Checked baggage. Whether you love it, hate it, or are resigned to paying for it, one thing is undeniable: it’s an extra cost associated with travel that no one relishes. And if you’ve noticed that cost is steadily rising year over year, you’re not alone: thousands of travelers are seeing it, too.
It’s not just hearsay: based on data we’ve gathered, a checked bag fee could be as much as $100 in the year 2100 – a rate that, for the math whizzes out there, is almost 50% greater than the rate of inflation.
How did we get here?
In 2008, American Airlines and United Airlines made $15 checked bag fees standard across the majority of their flights. When these airlines realized that travelers were willing to pay for checked luggage, more airlines followed suit.
Today, after 15 years, the majority of domestic airlines now charge $25 for the first checked bag. This includes:
- American Airlines
- United Airlines
- Alaska Air
Here’s where the math comes in: if, in the 15 years since the introduction of the checked bag fee, the price has gone up $10 and the inflation rate of $15 in the United States brings it to $21.72, then we can easily see that the “baggage inflation rate,” as we call it, is 149% of the U.S. dollar inflation rate.
Using those numbers, it’s not hard to see the way the dam breaks.
- In 2035, a checked bag will cost $35
- In 2045, a checked bag will cost $45
- In 2055, a checked bag will cost $55
As a result, if the bag fee increases remain constant, then a first checked bag of normal size will be about $100 in 2100.
And it doesn’t end there…
Baggage fees creep higher when you need to check more than one bag, with some airlines already charging as much as $200 for a third checked bag. Using the same baggage inflation rate and projecting it into the future, we see that by 2100, a third checked back could cost as much as $400 to $600 or more, depending on the airline.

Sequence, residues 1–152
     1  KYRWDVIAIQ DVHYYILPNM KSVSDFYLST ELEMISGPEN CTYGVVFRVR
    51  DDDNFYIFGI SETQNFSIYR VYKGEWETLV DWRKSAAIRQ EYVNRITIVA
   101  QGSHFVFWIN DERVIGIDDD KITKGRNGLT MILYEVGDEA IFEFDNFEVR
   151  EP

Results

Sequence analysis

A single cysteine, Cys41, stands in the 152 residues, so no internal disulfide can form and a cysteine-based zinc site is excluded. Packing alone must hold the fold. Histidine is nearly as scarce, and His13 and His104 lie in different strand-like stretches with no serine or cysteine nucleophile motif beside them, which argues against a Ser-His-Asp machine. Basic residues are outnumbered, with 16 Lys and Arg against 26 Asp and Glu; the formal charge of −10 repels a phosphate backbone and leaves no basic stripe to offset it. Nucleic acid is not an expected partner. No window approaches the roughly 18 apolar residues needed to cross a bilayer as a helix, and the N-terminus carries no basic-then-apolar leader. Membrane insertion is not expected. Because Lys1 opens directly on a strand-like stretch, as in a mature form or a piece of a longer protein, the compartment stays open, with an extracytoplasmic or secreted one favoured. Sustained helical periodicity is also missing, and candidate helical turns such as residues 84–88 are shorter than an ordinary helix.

On top of this, oversized and overweight bags carry additional charges with virtually every airline, sometimes as much as $200 for major airlines like American Airlines and United. With these fees already sky-high, we can expect those fees to continue to climb in the coming decades.
Fast forward to 2100, you might see fees as high as these for special types of luggage:
- Oversized bags: $400 – $1,545
- Overweight bags: $515 – $1,050
That’s a whole lot of money for a heavy or odd-shaped bag!
Why does this matter?
Remember when we said that a checked bag fee was an extra cost associated with travel? That’s true for travelers, but for airlines, it’s an extra way to make money. While these baggage fees have grown exponentially, domestic ticket prices largely haven’t – indicating that airlines are leaning into those as a way to bring in more cash.
Outside of seasonal shifts and high-traffic spikes, domestic ticket prices have remained largely the same. In fact, the COVID-19 pandemic tanked ticket prices (though they bounced right back near the end of 2021). There’s usually a 10% up or down, more or less, which, even adjusted for inflation, is far less drastic than the uptick in baggage fees.
As an example, the average ticket price for a flight out of LAX is in the low $300s – and it’s been that price for decades. Adjusting for inflation, a $315 ticket from 2004 is about $500 in today’s money, but year to year, that price has remained steady.
But that doesn’t mean airlines are content to toe that bottom line. Baggage fees are on their own inflation trajectory – one that outpaces the inflation of the U.S. dollar by almost half. According to the U.S. Bureau of Transportation Statistics, baggage fees totaled a record of $5.76 billion in 2019 – 12 times more than the baggage fees collected in 2008. This is a sobering look at what’s to come…especially for those accustomed to booking cheap flights, checked baggage notwithstanding.